Monday, November 08, 2004
I don't think we've gone Keynesian, Margaret, despite letting Sarah have some run on the show. I was not there for the questioning but I did listen to the last 20 minutes on the stream. I agree with Margaret that we don't know why the examples she and Margaret of incumbents losing do in fact lose. I do know the race in 16B because I have met Mark Olson and I know his opponent Jim Huhtala well (he's one of my Saturday breakfast brigade regulars). Olson does a good job of local constituent service; Jim, a retired UPS delivery man, probably knows every business in his district. But Jim's a neophyte; moreover, that district is going to be very conservative by and large, and Jim's an unabashed liberal. Northstar didn't really come into play in that district; had I been on with Janacek and heard this, I would have had to tell her this is incorrect. The votes for President and for MN House in that district were about the same.
I listened to the NARN show, while David indulged his favorite post show activity, sleeping.
In the 3rd hour, I couldn't believe what I was hearing. They had on Sarah Janacek, Politics in Minnesota maven. ...
1. Republicans in the House lost because they supported the Governor's holding his pledge not to raise taxes and to not fully fund Local Government Aid. The suburban voter was concerned about School funding, according to this argument. ...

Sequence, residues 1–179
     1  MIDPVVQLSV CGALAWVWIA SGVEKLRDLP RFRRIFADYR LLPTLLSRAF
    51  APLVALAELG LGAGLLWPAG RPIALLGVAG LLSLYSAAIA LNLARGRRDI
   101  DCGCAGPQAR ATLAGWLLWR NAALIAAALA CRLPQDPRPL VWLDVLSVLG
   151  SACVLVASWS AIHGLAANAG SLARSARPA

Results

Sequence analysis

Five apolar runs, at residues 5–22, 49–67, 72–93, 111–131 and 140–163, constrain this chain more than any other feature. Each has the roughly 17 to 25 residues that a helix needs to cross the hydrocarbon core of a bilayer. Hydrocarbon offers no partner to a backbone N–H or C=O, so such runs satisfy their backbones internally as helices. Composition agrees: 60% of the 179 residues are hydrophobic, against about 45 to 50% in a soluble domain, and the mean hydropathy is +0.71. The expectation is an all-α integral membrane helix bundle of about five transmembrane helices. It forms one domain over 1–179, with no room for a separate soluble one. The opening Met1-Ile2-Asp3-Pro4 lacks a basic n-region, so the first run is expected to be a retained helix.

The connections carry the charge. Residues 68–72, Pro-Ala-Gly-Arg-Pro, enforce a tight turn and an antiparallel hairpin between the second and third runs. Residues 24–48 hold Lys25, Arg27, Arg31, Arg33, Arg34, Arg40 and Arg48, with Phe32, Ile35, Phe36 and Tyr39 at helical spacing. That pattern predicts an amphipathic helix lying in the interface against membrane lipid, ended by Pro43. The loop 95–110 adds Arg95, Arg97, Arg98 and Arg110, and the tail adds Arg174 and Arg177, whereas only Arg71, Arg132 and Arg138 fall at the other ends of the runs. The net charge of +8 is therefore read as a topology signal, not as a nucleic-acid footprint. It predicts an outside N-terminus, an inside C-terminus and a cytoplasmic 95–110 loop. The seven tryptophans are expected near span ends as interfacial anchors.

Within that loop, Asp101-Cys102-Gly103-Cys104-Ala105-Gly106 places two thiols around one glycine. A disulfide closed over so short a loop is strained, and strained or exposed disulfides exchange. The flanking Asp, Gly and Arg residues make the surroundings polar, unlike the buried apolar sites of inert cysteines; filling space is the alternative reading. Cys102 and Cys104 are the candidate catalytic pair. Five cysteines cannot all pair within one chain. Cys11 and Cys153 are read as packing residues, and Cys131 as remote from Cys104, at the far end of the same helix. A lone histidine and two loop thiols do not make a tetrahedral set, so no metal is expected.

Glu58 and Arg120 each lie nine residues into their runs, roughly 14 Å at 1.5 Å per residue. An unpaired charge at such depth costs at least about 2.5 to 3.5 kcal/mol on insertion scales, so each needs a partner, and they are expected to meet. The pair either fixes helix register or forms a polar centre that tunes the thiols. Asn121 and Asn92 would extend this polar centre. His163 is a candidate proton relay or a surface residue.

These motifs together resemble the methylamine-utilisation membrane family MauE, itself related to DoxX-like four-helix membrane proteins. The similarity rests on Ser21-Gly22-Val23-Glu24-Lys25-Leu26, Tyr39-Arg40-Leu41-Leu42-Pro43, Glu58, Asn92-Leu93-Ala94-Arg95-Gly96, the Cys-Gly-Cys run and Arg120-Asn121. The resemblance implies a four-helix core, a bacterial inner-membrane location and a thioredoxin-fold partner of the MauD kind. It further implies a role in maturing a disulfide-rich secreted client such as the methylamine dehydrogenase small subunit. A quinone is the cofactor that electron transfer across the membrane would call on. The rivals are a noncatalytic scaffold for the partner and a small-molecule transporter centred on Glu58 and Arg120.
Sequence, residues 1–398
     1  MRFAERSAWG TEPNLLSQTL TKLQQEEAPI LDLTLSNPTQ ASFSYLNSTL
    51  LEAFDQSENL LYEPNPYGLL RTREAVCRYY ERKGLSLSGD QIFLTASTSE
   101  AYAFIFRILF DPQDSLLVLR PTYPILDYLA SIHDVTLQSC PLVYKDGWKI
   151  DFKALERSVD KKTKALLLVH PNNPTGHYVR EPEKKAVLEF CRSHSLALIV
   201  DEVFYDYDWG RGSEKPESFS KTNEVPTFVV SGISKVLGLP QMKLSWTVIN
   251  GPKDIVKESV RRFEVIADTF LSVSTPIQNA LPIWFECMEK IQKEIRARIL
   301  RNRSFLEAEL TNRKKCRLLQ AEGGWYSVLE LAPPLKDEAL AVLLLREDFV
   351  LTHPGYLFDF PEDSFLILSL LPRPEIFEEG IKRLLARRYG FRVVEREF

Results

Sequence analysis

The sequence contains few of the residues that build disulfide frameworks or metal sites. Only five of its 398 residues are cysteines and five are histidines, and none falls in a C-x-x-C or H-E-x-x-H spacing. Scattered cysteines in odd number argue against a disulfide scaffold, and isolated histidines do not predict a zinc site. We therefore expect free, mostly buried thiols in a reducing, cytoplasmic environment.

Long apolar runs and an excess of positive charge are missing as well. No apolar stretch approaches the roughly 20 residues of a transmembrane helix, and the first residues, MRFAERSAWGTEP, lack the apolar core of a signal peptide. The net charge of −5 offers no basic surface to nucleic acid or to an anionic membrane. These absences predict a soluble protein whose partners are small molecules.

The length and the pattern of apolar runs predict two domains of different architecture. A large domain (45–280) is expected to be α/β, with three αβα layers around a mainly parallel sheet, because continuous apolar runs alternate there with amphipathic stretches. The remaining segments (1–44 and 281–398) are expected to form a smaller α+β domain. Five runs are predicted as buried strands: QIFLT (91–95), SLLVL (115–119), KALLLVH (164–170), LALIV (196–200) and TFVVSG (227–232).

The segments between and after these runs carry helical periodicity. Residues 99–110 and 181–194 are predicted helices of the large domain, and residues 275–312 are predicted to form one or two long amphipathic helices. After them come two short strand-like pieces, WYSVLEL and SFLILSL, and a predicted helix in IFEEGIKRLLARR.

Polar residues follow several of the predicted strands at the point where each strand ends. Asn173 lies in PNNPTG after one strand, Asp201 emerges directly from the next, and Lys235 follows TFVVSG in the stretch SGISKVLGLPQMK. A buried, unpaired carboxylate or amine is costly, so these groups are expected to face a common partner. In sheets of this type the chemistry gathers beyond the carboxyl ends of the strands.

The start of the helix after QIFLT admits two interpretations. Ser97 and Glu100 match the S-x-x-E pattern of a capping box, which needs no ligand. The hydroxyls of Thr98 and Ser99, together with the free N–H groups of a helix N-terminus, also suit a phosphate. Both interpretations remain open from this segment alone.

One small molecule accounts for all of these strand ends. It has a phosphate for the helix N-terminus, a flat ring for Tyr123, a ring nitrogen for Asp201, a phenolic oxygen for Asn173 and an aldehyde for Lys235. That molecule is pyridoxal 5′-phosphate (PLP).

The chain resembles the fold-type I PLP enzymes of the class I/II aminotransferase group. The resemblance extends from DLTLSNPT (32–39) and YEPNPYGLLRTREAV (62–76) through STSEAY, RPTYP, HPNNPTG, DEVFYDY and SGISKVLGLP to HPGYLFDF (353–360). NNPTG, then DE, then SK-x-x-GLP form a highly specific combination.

2. Fiscal conservatives... lost.
3. Republicans in the House lost due to opposition to Northstar. ...
I don't mean to be hypercritical of Sarah. She may be many things and several of them are being a contract lobbyist. But NARN guys, stop basking in the glow of the national results. Wake up and smell your wallets burning.
I am still not sure what to think about the last election in the Minnesota House, it seems that there were a lot of factors at play and it is hard to take a single lesson from the result. A referendum against no new taxes? I think not.
There is nothing Keynesian, moreover, with saying that voters respond to pork. There is ample evidence that they do, none more than the fact that politicians keep doing it. That doesn't mean the no-tax pledge of the Taxpayers League is a loser. What every voter wants, ideally, is a conservative that helps hold taxes down at a macro level while still bringing home projects at the micro level. Our own Jim Knoblauch in District 15A, chair of the committee in charge of bonding bills for state projects, ran ads glorifying his bringing home money for the university stadium and bike trails, but he's known as a fiscal conservative who signed the Taxpayers League's pledge. The local newspaper supported his candidacy despite the latter, because they know he can deliver a bill to put into effect the sales tax extension our city just passed. No Keynesian, he.
We understand still that state governments that spend a great deal divert money from more to less useful investment projects. I'm sure there is nobody in NARN who disagrees with that. But converting that economic point into a political one that wins elections isn't all that easy. A tax pledge may work in some skinflint states (like my native New Hampshire, where Mel Thompson's "Ax the Tax" motto won him three terms as governor), but might not in Minnesota. It just means the League has more work to do in convincing the independent voters of the Twin Cities suburbs and outstate that their little bit of pork comes at the expense of paying for bucketloads more in the Cities.
UPDATE: John Fund notes this morning that Democrats made gains in state houses around the U.S., so perhaps we're caught up in a broader trend than just Minnesota.